Veterans, particularly poor and minority veterans, are 50 percent more likely to become homeless compared to other Americans, according to a report released last week by the Housing and Urban Development (HUD) and Veterans Affairs (VA) departments. The report also stated that almost 76,000 veterans were homeless on any given night in 2009, and approximately 136,000 veterans spent at least one night in a shelter. Approximately 44,000 to 66,000 are chronically homeless.
Most often, underlying causes of homelessness among veterans are their socioeconomic backgrounds and “personal factors,” as well as a lack of affordable housing, the report said. Veterans’ experiences prior to joining the military also have a significant causal relationship, putting those who were physically or sexually abused as children at a greater risk for homelessness. Post-traumatic stress disorder (PTSD) and other brain injuries are also a high contributing factor.
Following the report’s publication, HUD Secretary Shaun Donovan said, “Understanding the nature and scope of veteran homelessness is critical to meeting President Obama’s goal of ending veterans’ homelessness within five years.”
HUD and VA are creating a joint program to target homeless veterans that will provide rental assistance and clinical services to those who are approved. The federal departments will also work with community groups to provide them with resources such as Section 8 vouchers, helping veterans find and keep affordable housing.
The government’s plan to address veteran homelessness is “an auspicious beginning,” said Michael Blecker, executive director of Swords to Plowshares, a nonprofit organization that provides services for veterans in the San Francisco Bay Area. “It’s promising because it gives us the resources we didn’t have before.” Nearly half of the country’s homeless veterans live in California, Texas, New York and Florida. Swords to Plowshares helps more than 2,100 homeless and low-income veterans annually.
The report found that most veterans who used emergency shelter relief only stayed for brief periods of time, with one-third staying less than a week and 84 percent staying less than three months. Ninety-six percent were not part of a family unit.
Colleen Corliss, Swords to Plowshares’ communications manager, said the VA and HUD’s commitment to working with smaller community groups will be both a challenge and a step in the right direction. “In the past … a lot of different agencies have operated separate from one another,” Corliss said. “For HUD to work with VA and for the medical director of the VA clinics to work with community groups, we can come together as a collective team to produce a plan.”
The report marks the first time that the federal government has recognized the epidemic of veteran homelessness as a standalone issue and created a timeline to end it, Corliss said. “It’s sort of a landmark in the sense that HUD actually has a plan of action for combating homelessness among veterans.”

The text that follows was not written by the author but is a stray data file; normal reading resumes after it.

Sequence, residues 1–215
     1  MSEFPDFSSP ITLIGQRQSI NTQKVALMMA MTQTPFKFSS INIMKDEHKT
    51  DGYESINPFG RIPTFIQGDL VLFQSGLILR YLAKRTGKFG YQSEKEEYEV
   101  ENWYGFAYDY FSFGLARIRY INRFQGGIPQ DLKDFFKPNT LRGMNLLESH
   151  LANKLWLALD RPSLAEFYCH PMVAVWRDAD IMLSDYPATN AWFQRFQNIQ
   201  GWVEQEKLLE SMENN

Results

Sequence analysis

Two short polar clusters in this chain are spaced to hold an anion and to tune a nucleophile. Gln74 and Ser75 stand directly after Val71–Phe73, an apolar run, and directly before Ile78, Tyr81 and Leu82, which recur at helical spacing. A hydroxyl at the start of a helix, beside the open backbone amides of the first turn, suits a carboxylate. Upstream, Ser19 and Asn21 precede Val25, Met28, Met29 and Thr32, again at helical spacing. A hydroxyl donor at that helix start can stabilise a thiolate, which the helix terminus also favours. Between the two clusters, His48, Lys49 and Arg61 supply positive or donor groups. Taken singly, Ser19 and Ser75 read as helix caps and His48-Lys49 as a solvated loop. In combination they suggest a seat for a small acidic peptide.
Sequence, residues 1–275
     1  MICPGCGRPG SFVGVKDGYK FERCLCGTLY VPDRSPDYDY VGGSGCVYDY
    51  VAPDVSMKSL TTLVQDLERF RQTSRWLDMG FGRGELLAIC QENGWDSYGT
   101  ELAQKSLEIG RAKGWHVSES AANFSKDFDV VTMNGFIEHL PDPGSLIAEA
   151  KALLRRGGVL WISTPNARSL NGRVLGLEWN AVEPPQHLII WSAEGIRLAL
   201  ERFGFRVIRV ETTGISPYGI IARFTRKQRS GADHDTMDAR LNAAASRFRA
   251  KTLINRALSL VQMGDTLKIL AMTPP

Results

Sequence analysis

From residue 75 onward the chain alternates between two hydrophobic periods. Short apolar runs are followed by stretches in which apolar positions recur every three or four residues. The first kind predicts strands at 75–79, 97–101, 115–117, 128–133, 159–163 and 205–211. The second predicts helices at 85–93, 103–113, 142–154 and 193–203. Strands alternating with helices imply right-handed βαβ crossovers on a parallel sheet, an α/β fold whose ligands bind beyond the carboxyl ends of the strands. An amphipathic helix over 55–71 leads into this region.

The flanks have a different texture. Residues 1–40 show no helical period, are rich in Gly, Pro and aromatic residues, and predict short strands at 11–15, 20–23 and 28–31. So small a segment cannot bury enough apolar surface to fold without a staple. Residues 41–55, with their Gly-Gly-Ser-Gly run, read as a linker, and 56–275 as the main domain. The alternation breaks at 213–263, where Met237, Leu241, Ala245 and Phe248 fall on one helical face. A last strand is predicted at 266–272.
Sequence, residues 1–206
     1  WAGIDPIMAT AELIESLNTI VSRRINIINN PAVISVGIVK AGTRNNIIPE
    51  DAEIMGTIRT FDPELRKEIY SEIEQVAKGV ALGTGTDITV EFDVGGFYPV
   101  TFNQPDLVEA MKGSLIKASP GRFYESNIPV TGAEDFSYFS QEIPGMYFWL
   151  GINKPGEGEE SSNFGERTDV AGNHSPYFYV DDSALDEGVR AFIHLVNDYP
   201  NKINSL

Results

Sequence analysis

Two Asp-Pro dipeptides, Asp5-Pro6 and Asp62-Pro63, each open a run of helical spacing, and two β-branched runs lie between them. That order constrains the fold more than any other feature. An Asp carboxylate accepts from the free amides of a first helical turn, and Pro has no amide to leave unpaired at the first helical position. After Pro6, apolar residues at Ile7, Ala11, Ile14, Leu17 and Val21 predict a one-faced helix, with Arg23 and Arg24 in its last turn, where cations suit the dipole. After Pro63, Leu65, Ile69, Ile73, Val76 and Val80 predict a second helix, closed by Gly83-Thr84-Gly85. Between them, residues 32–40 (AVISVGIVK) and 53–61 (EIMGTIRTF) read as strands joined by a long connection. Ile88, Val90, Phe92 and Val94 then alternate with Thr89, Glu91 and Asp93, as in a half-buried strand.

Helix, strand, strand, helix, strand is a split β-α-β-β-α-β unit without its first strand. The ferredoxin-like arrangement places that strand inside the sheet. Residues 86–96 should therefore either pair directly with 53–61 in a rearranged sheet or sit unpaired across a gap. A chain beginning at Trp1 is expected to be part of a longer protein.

“The partnerships that [Donovan] is establishing are, so far, really showing that we will see successful outcomes.”
HUD’s 2012 budget also requested $19.2 billion in federal funds for the Housing Choice Voucher program, which would support all existing mainstream vouchers and provide new ones targeted specifically towards veterans and the chronically homeless.
In addition to housing, HUD and VA emphasized the importance of providing mental health and other clinical services to homeless veterans. “With our federal, state and community partners working together, more veterans are moving into safe housing,” VA Secretary Eric Shinseki said. “But we’re not done yet. Providing assistance in mental health, substance abuse treatment, education and employment goes hand in hand with preventive steps and permanent supportive housing.”
One major element missing from the report were the statistics on homeless veterans who stayed out of shelters, Blecker said. Overlooking that information may cause the government to miss an opportunity to examine causes of long-term homelessness. “It’s not a count of veterans on the street or in the park,” Blecker said. “How many of those homeless veterans are chronically homeless? Those are the folks at greatest risk. If they’re not taken immediately off the street, they’re going to end up in hospitals and very costly end-of-life situations.”
HUD’s 2009 count of sheltered veterans is a “reasonable figure” to use as a baseline for the plan, the report stated. “Efforts are underway to improve this count and to enhance identification of Veterans who are homeless…. Despite imperfect counting mechanisms, we know that Veterans account for a larger proportion of those experiencing homelessness compared to the overall population.”
Approximately 46 percent of homeless veterans sought out shelter after living on the streets.